Anna Letitia Barbauld
Voice of the Enlightenment
Winner, 2011 Annibel Jenkins Biography Prize, American Society for Eighteenth-Century Studies
2009 Outstanding Academic Title, Choice
Against the background of the American and French revolutions, the Napoleonic Wars, and the struggle for religious equality in Great Britain, a brilliant, embattled woman strove to defend Enlightenment values to her nation. Poet, teacher, essayist, political writer, editor, and critic, Anna Letitia Barbauld was venerated by contemporaries on both sides of the Atlantic, among them the young Walter Scott, the young Samuel Taylor Coleridge, and Boston Unitarians such as William Ellery Channing. After decades in the historical limbo into which almost all work by women writers of her era was swept, Barbauld’s writings on citizenly ethics, identity politics, church-state relations, and empire are still deeply relevant today. Inquiring and witty as well as principled and passionate, Barbauld was a voice for the Enlightenment in an age of revolution and reaction.
Based on more than fifteen years of research in dozens of libraries and archives across five countries, this is the first full-length biography of one of the foremost women writers in Georgian England.
About the Author
William McCarthy is professor emeritus of English at Iowa State University. He is the coeditor of The Poems of Anna Letitia Barbauld and the author of Hester Thrale Piozzi: Portrait of a Literary Woman.
A superb biography that brings a radical literary figure back into the picture... a thrilling, brilliant book.
McCarthy establishes Barbauld as a figure of major significance. His magnificent biography will draw many others to her, and give her a new and deserved prominence in Enlightenment and Romantic studies.
A tour de force... Honest, wise, original.
The public intellectual, cultural pluralist, 'ecofeminist' and literary innovator we meet in this richly meditated study is a passionately political Anna Barbauld whose concerns speak directly to issues that vex us today.
Based on two decades of research and a real mastery of Romantic-era literary culture, the book provides authoritative information not only on Barbauld's life and works but also on Romantic-era politics, education, gender relations, dissenting religion, children's literature, radical politics, the booktrade, mental health, and so on... Marked by accessible prose and meticulous documentation, this will be the definitive biography of Barbauld for decades. Essential.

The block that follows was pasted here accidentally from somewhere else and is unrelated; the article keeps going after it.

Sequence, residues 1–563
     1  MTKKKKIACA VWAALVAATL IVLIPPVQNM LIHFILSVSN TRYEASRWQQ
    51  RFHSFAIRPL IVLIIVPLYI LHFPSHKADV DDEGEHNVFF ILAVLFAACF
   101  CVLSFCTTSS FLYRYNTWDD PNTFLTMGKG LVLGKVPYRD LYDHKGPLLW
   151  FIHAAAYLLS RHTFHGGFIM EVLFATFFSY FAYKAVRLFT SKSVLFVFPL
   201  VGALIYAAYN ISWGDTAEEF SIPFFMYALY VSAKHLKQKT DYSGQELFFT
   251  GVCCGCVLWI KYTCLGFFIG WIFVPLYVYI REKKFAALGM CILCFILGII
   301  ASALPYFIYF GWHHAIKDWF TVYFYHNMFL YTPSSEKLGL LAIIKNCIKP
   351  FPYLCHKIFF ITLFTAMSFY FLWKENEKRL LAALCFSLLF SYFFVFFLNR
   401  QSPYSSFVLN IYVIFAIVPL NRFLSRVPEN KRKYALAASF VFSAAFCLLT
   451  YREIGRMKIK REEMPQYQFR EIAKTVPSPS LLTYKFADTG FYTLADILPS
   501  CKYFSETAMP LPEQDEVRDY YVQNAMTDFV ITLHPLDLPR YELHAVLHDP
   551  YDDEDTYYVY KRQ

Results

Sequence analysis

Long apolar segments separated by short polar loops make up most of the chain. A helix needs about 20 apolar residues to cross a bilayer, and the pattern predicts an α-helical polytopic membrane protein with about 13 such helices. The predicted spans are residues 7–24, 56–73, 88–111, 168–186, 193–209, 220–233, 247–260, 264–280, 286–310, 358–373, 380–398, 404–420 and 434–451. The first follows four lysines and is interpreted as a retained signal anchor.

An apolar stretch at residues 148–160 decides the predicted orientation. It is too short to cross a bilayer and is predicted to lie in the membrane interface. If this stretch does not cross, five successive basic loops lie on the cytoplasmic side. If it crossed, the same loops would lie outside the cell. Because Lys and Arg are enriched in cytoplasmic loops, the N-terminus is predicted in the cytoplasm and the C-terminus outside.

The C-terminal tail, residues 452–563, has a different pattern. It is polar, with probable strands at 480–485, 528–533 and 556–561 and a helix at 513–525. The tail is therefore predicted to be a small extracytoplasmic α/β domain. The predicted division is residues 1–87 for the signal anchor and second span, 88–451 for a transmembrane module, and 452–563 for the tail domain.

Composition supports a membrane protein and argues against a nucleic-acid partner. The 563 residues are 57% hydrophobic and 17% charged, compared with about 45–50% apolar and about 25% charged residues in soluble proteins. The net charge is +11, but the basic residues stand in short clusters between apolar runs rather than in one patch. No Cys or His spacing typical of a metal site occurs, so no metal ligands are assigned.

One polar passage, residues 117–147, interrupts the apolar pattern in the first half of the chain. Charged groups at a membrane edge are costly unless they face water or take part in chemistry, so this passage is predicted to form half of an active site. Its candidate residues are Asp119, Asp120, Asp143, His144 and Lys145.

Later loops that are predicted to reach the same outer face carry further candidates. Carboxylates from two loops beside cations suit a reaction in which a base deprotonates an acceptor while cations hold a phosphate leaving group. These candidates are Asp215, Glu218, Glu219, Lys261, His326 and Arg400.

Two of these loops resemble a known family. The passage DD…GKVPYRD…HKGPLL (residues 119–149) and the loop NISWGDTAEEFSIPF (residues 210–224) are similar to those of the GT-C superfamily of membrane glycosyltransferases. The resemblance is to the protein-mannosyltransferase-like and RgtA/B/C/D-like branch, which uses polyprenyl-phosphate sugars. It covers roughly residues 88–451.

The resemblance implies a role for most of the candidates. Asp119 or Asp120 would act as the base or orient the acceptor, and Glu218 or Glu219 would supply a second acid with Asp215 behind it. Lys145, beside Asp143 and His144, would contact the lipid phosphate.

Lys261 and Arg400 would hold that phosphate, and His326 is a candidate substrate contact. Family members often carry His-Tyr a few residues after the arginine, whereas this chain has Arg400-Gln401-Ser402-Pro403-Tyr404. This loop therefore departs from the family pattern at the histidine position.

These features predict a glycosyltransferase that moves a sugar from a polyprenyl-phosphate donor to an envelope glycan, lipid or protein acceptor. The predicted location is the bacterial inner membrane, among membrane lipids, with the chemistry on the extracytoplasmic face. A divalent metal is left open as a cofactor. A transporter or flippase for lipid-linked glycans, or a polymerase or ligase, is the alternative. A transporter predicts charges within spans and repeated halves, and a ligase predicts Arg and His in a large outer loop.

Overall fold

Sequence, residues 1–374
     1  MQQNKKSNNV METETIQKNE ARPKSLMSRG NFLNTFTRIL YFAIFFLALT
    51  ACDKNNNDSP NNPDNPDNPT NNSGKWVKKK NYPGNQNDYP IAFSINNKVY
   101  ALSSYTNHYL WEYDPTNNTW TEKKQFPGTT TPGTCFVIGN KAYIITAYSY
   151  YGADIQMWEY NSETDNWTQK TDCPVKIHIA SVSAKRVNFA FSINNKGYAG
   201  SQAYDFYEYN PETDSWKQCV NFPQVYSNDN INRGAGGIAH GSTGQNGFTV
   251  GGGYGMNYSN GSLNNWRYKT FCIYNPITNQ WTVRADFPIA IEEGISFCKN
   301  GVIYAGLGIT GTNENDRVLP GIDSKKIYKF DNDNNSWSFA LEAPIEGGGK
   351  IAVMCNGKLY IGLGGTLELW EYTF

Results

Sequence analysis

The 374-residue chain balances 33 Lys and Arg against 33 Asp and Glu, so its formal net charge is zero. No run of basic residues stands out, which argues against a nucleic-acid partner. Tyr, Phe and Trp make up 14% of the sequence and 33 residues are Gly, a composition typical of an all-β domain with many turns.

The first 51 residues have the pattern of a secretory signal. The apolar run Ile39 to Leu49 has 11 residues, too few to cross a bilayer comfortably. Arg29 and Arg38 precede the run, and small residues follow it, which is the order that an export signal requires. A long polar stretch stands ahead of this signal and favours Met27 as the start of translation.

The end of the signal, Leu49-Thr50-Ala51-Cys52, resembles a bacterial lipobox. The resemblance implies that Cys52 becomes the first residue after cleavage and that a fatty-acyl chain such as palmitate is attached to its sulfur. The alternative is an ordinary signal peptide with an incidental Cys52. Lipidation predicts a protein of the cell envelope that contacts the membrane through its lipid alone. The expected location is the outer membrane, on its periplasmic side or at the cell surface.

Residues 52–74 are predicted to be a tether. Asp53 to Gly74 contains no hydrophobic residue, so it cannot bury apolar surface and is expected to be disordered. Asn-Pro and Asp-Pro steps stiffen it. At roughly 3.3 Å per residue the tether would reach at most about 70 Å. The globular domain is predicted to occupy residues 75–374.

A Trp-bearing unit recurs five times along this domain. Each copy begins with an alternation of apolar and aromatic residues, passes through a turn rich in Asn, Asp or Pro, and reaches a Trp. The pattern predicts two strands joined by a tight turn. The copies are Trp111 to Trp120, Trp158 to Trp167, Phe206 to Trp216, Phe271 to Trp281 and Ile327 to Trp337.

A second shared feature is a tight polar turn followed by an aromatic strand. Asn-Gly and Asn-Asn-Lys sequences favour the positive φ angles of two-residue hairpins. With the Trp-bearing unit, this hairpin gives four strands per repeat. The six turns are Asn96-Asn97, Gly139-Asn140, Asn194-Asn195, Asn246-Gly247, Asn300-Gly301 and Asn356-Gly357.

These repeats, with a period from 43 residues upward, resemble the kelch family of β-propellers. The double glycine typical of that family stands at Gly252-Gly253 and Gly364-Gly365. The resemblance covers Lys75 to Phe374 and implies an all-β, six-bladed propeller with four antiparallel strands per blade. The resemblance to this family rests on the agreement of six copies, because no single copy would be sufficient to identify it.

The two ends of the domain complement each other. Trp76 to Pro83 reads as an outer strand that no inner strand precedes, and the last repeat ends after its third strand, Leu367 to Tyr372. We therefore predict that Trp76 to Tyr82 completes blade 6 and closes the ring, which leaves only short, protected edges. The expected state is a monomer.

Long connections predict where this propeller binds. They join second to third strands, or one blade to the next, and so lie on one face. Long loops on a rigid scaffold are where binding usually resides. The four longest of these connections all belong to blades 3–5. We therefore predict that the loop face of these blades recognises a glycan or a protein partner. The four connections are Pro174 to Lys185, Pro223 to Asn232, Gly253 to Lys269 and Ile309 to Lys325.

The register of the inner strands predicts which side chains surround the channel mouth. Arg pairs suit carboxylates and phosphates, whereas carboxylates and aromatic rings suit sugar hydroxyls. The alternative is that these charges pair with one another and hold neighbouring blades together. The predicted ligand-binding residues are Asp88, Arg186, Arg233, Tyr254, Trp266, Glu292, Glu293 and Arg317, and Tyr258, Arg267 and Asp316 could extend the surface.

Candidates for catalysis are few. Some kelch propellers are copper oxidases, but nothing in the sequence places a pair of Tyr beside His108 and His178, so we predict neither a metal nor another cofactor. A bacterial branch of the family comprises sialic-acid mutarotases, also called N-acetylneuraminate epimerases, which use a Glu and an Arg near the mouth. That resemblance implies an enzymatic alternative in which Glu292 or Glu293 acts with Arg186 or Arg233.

Some lives intersect with the major events and movements of a time; Barbauld is such a figure.... She deserves the epithet of 'Voice of the Enlightenment.' This is an old-fashioned, magisterial biography.
William McCarthy's twenty years of work on this author, which includes co-editorship of a fine Poems and Selected Poems and Prose, has now borne fruit in this monumental, quietly magnificent biography, which will surely do as much to promote Barbauld's reputation as anyone could dream.
The title makes an extraordinary claim—that Anna Letitia Barbauld was a voice of and for the Enlightenment. How can this be said of a woman who, until this enthralling book was written, was known to so few? [The author] presents a thoroughly convincing case for saying it. He does this thanks to his extraordinary knowledge, not just of the life and work of Barbauld, but also of literature, culture and politics from her time (1743 to 1825) up to today.
A biography to relish and remember.
A compendious and admiring new biography.
One need not be a literary scholar to find this biography engaging, informative, and provocative, for it explores, via the life of a remarkable 18th and 19th century woman writer, still relevant aesthetic, political, religious, and gender issues.
A definitive account of her life, all the more magnificent for its finely grained detail.
An excellent introduction not only to Barbauld herself but to the politics and culture of her time.
Rewards readers whether they are selectively dipping in or perusing the work from cover to cover... McCarthy brings psychology to bear in provocative and insightful ways.
This extraordinarily packed, fluidly written biography ought to influence scholars across Romantic studies.
McCarthy is true to both parts of his work's title: he not only gives us a comprehensive portrait of Anna Barbauld, but helpfully and skillfully places her voice within the social, political, and religious movements of her times. It is hard to imagine that his monumental work will be superseded anytime soon.
Richly illustrated, compellingly argued, and elegantly written, McCarthy’s biography of Barbauld reminds us that, despite our lip-service topostmodern cynicism... transformative scholarship continues to be fundamentally 'Enlightenment' in its values, procedures, and rhetorical forms.
One leaves this biography with an intimate sense not just of how Barbauld navigated her particular worlds but also of how her interventions shaped individuals and movements in Britain and overseas.
A review cannot do justice to the range covered by a biography of this magnitude. The biography synthesizes a staggering body of research into a tale well told.
McCarthy blends Barbauld's private, professional, and authorial lives seamlessly, affording readers a context rare in its comprehensiveness.... He accomplishes all of this with spirit, grace, and eloquence.
|Johns Hopkins University Press|
Other Titles in BIOGRAPHY & AUTOBIOGRAPHY / Literary
Other Titles in Biography: literary